Summary of 1 John 2:  Christians: 1) know Him (1 John 2:4), 2) abide in Him (1 John 2:6), and 3) are in the light (1 John 2:9).  If this is true for you, it will show in the life you lead and the love you hold for fellow Christians.

BSF Study Questions John Lesson 21, Day 2: 1 John 1:1-2:2

INTRODUCTORY NOTE TO THIS LESSON:  This lesson took me 2 1/2 weeks to complete.  There is so much here in this short book about Christianity.  Please take the time to read my End Notes to each day which I have tried to make as condensed as possible to what all this means.  Your time put in this lesson will echo volumes in your understanding of the Bible and of John.

Summary of passage: The author makes clear Jesus was a human, one he has heard, seen, and touched. God is light without darkness. If we have fellowship with him and walk in the darkness we lie to ourselves and do not live by the truth. We are all sinners and if we confess our sins, we will be purified and forgiven. Jesus is the atoning sacrifice for our sins. We will know Jesus if we obey his commands.

Questions:

3)  Jesus (who is God as His Son, Jesus) because John has heard, seen, and touched him.

4) God is light and if we walk in the light, we’ll have fellowship with one another and Jesus’ blood will purify us of all sin.  He writes this to believers so that we may know we have eternal life, have fellowship with others, and with the Father and the Son.  He writes this so we won’t sin.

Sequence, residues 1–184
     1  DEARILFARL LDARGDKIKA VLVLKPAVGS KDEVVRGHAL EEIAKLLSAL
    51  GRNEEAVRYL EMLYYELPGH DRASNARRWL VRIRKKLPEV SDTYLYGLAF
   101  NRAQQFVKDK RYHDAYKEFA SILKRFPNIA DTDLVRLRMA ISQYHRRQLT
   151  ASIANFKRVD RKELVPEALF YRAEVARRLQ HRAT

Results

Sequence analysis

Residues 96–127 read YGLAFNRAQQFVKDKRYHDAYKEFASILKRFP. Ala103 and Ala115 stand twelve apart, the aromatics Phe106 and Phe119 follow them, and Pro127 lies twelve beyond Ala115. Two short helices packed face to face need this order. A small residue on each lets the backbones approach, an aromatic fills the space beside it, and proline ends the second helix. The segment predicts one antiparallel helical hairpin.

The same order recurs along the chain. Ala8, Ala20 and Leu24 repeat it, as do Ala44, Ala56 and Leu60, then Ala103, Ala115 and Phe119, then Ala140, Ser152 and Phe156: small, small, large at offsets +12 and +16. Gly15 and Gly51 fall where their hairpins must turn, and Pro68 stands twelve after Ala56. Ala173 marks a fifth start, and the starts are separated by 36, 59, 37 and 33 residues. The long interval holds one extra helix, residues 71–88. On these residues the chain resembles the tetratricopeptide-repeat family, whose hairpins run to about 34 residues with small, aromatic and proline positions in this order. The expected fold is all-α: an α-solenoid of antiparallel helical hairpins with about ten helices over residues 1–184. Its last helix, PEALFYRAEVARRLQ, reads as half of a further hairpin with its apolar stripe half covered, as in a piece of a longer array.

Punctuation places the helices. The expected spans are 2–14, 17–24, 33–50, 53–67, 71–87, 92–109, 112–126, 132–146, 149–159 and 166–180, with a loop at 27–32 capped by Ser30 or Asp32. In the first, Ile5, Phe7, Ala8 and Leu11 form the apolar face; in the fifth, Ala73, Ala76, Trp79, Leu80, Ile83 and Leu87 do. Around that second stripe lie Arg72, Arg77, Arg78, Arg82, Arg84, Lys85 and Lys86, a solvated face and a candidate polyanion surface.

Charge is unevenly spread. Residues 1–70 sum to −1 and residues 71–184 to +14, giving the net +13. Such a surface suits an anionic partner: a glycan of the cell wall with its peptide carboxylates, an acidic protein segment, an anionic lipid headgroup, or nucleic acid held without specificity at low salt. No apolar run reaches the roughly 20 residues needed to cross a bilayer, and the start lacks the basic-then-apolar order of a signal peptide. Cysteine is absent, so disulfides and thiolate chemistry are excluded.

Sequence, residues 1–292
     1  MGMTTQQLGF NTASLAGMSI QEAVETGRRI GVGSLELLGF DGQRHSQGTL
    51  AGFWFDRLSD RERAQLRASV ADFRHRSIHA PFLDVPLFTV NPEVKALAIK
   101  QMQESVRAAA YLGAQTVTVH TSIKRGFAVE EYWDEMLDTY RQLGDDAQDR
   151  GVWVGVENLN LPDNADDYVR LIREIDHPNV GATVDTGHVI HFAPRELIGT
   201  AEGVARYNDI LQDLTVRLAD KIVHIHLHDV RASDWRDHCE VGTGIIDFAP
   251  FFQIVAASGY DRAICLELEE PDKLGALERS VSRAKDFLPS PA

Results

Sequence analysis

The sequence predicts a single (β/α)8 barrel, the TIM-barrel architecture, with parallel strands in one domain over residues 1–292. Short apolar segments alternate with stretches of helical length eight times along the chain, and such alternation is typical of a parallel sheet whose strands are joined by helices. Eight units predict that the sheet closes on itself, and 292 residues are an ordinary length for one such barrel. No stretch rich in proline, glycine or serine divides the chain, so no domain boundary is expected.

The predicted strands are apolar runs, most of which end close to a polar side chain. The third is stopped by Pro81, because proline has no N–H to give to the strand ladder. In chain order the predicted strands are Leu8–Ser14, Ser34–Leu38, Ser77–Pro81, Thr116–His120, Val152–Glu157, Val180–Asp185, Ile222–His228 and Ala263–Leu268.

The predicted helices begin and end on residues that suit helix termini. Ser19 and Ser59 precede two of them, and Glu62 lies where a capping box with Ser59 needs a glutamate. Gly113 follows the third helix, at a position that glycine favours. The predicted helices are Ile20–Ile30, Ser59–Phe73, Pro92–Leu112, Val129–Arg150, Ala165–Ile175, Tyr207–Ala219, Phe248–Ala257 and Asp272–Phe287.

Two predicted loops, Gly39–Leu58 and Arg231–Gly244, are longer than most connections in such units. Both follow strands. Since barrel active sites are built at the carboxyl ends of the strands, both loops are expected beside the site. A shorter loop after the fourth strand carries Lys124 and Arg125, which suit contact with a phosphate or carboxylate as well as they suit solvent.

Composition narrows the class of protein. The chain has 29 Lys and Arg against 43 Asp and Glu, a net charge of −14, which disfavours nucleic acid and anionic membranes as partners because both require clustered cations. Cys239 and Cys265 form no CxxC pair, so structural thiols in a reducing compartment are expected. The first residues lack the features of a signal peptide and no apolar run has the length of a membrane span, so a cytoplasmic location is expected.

5)  Personal Question. My answer: False claims: 1) If you claim to have fellowship yet walk in the darkness. 2) If you claim to be without sin. 3) If you claim you have never sinned. Fellowship: 1) If we walk in the light. 2) If we confess our sins. 3) If we obey his commands. Well, I do sin but I don’t deny it. I do obey and walk in His ways. Do I stumble? Absolutely. But He picks me up. That’s all that matters.

Conclusions: Unsure why we’re reading 1 John at this point in our study right after the Last Supper. I hope the notes will shed some light on this. Great passage of how we are to walk in the light always and not tell ourselves we are when we still dally in the darkness.
End Notes: Much like the Book of Revelation, John does not expressly state that he is writing this letter. However, certain hints and distinctive writing patterns of style make it very likely that John the Apostle wrote this letter at an advanced age. This letter is eerily similar to the beginning of the Book of John and says how he was a close eyewitness of Jesus’ life.

John wrote the Book of John in order to bring readers to a belief in Christ. Here, this letter is directed to those who are already Christians, outlining how that faith should affect a person’s life. John starts with a few simple themes–light, truth, life, love–then builds variations on them. He defines a word, discusses its opposite, and then describes what a life should look like with God as the source of power in the Christian life.

Presumably, the Christian faith has been around for 50-60 years by the time of this letter.  John repeatedly begins with the phrase “If we claim” and then proceeds to show what actions must result if we claim to live in the true light and know God.